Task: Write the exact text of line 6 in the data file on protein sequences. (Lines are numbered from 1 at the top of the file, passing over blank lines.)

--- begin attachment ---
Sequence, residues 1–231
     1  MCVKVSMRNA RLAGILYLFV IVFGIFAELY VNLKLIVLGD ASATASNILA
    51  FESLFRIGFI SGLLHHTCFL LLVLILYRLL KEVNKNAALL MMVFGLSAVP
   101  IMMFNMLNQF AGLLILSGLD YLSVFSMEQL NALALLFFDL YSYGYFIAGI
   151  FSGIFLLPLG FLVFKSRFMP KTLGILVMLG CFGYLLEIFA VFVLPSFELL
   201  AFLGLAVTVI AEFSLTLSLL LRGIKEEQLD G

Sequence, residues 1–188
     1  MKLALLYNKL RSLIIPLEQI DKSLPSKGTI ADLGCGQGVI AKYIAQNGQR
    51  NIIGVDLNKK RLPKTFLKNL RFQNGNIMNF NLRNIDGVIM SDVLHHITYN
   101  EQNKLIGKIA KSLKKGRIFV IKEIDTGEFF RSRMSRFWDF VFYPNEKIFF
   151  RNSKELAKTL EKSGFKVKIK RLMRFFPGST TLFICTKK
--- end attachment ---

   201  AFLGLAVTVI AEFSLTLSLL LRGIKEEQLD G